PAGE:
If your finances make you anxious, you’re not alone. Before anyone had ever heard of COVID-19, 60% of Americans were stressed out by money, according to the American Psychological Association. None of us are untouched by uncertainty about what lies ahead, and that can cause unexpected emotions.
“Entering into this crisis, most of us already had anxiety and stress around money,” says Brad Klontz, PsyD, CFP, a financial psychologist and managing principal at Your Mental Wealth Advisors and associate professor at Creighton University. “Then you throw the virus on top of it. You’re worried about your financial situation, and you’re also worried about people you love getting sick.”
It’s normal to need time to come to terms with layoffs, business closures, investment losses, or other financial upheaval due to COVID-19. And it’s OK to be upset about the situation, says Patricia Tidwell, PhD, a licensed clinical social worker. “It’s incredibly stressful,” she says. “I’d be worried about people if they weren’t upset.”
But there are many ways to move through the financial stress, anger, and sadness to a place of action. By recognizing your emotions, you can use them to drive your effort to take as much control of your financial situation as possible. Financial and mental health experts share insights on how to get started.
Identify Your Emotions
“We all have feelings and beliefs about money: earning money, having money, losing money,” says Tidwell. “Anger, grief, anxiety, and sadness are all feelings that are healthy, albeit uncomfortable, to have about what is happening now.”
Alex Melkumian, PsyD, a licensed marriage and family therapist and founder of the Financial Psychology Center, adds fear, worry, and avoidance to the list. He says that financial stress from the pandemic can force people into survival mode. “Being in survival mode activates the fight, flight, or freeze response,” he says. “Considering the sudden onset of the pandemic, many people are in the freeze cycle. They feel paralyzed or are overthinking what to do next.”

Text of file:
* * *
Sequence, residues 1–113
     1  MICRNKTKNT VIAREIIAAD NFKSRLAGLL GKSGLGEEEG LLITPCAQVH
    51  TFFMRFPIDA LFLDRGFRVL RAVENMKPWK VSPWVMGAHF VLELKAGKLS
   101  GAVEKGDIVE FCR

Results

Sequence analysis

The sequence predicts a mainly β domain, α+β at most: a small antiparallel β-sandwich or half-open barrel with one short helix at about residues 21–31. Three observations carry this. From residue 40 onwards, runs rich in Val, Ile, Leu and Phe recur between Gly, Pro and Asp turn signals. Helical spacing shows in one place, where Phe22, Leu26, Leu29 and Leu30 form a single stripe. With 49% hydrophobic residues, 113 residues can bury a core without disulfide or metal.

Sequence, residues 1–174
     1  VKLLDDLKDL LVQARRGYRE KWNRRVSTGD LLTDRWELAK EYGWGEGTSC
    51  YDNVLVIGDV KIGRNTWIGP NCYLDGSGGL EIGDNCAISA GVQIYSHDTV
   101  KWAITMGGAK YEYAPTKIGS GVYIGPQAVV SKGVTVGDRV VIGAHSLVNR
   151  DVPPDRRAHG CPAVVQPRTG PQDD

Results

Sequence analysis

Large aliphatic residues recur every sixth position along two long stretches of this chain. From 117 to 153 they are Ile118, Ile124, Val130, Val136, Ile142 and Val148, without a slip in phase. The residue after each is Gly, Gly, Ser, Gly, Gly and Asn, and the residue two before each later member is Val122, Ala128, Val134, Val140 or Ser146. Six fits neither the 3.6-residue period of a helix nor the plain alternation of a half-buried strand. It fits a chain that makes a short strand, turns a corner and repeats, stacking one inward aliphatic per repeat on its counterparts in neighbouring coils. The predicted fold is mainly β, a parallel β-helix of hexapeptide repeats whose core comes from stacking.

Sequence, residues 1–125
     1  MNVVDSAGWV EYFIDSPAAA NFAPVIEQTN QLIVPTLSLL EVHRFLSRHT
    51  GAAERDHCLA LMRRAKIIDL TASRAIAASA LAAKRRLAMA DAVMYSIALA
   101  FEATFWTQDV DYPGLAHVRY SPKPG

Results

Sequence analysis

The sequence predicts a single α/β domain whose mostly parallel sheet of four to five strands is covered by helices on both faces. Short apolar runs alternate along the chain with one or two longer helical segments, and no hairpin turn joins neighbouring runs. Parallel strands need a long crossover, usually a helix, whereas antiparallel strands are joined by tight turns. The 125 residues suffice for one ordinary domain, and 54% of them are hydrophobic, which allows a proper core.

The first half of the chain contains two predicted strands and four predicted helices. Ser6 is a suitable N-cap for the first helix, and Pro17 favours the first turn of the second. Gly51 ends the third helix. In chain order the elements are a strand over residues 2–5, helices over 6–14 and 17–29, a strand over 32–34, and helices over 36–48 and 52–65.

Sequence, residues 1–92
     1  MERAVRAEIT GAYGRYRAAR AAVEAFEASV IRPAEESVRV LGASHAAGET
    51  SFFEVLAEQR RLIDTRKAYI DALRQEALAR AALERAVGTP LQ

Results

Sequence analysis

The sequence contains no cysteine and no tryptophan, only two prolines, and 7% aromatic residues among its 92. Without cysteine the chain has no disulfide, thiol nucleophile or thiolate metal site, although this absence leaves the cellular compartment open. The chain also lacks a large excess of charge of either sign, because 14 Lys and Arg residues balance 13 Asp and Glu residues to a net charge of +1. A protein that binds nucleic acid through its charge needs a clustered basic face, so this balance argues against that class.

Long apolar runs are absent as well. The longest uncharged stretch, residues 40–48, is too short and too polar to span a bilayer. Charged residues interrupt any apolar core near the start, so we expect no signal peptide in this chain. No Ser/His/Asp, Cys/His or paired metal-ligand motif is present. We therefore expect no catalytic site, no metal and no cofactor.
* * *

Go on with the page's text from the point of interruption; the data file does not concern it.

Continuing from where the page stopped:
The first step to working through these emotions is recognizing them and understanding that they are normal, Tidwell says. By taking a moment to identify what you’re feeling, you’ll be able to more easily find ways to work toward solutions.
“The sooner you can get to acceptance, as difficult as it may seem, everything else will be easier,” says Melkumian. “It’s a mental pivot that will disengage the emotional part of your brain, which is not helpful in moments like these.”
Recognize What’s Out of Your Control
Unlike other, more personal financial upheavals, remember that many of the economic forces of COVID-19 are completely out of your control. Your state or local government may have told you that you can’t go to work or need to work altered hours. And it’s necessary for people to stay away from businesses in order to stop the spread of the virus. If these circumstances have altered your financial situation, it’s important to recognize that it’s not your fault, says Klontz.
“The good news is you don’t need to feel ashamed about it,” he says. “You’re also not alone.”
By recognizing this, you can avoid “personalizing the pandemic,” says Melkumian. Keeping an eye on the big picture can protect you from some of the negative emotions that are often associated with financial trouble, such as shame and guilt.
Find Healthy Ways to Manage Money